Transient elastography (TE) is a promisingly noninvasive method that evaluates liver stiffness and has been reported to accurately assess the degree of liver fibrosis in CHB patients [5-7]. However, the technique is relatively high cost and susceptible by some factors such as necroinflammatory activity, total bilirubin (TBIL), obesity, which may also limit the clinical application [8, 9]. Simply noninvasive fibrosis tests (NITs) including aspartate transaminase (AST) to platelet (PLT) ratio index (APRI) and the fibrosis-4 score (FIB-4) using two or three inexpensive laboratory tests to predict hepatic fibrosis have been studied and validated over the past decade [10-13]. WHO published the guideline on the management of CHB infection in 2015, which recommended the use of APRI as a noninvasive test to assess significant liver fibrosis and cirrhosis in resource-limited regions [8]. Both APRI and FIB-4 were based on patients with chronic hepatitis C (CHC) [11-13], while their value for assessing patients who are chronically infected with HBV remains controversial [14, 15]. Recently, Lemoine et al. reported the gamma-glutamyl transpeptidase (GGT) to PLT ratio (GPR) as a novel and more accurate laboratory marker than classical biomarkers APRI and FIB-4 to assess liver fibrosis in patients with CHB in West Africa populations, but this was not consistent in French cohort [16]. However, Schiavon et al. and Li et al. also demonstrated that GPR did not show better performance in a Brazilian cohort and a Chinese cohort [17, 18]. Other serum-based models, such as AST to alanine aminotransferase (ALT) ratio (AAR), red cell distribution width (RDW) to PLT ratio (RPR) have also been reported to predict significant liver fibrosis and cirrhosis over the past decade in CHB patients, but they are somewhat difficult to use in clinical practice to perform the satisfactory outcomes [19-21]. Therefore, the aim of this study was to establish an improved model based on routinely clinical parameters for the assessment of liver fibrosis in treatment-naïve patients with CHB.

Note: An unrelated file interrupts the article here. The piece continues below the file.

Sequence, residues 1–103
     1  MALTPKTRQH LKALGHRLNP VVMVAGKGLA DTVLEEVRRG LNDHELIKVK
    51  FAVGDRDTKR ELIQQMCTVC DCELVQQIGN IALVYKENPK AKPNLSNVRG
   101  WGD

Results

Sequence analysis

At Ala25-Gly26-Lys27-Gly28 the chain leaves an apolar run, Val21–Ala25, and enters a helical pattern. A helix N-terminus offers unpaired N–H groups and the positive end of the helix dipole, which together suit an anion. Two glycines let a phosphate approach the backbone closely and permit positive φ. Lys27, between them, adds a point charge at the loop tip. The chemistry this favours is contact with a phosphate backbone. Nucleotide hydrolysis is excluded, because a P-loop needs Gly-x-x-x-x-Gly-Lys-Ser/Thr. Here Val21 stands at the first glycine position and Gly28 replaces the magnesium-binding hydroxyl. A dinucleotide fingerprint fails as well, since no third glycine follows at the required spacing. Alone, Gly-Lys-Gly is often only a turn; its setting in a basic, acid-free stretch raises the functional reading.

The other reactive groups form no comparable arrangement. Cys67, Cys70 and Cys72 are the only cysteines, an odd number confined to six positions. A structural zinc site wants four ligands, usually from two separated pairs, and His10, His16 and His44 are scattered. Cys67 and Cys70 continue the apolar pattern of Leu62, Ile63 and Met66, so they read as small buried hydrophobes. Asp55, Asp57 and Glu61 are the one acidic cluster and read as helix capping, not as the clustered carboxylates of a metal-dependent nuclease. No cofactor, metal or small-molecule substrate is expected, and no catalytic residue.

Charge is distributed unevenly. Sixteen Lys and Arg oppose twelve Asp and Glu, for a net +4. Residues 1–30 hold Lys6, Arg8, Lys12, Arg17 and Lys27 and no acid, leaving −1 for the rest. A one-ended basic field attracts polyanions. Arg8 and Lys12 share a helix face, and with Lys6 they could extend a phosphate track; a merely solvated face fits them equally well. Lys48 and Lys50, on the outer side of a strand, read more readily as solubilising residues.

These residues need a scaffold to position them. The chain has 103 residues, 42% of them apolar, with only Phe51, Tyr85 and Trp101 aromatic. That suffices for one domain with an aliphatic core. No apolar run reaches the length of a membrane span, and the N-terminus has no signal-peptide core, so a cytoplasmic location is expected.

RESULTS

Study population

From January 2008 to December 2016, a total of 530 CHB patients who had undergone a liver biopsy were enrolled in this study. Overall, 70 patients were excluded base on exclusion criteria, 152 patients were excluded due to insufficient data. 308 patients who met the eligibility criteria were included as the final study cohort. Figure 1 presents the flow diagram of the study population. The median (and IQR) age of the CHB patients was 38.5 (29.0-47.0). 165 (53.6%) CHB patients were positive for hepatitis B e antigen (HBeAg) and 230 (74.7%) patients were male. The median (and IQR) ALT and AST level was 40.0 (27.0, 71.0) U/L and 34.0 (25.0, 50.0) U/L, respectively. The distribution of each fibrosis stage in the subjects was as follows: F0, 32 (10.4%) patients; F1, 53 (17.2%) patients; F2, 47 (15.3%) patients; F3, 74 (24.0%) patients; and F4, 102 (33.1%) patients. A detailed demographic and laboratory parameters of the subjects were shown in Table 1.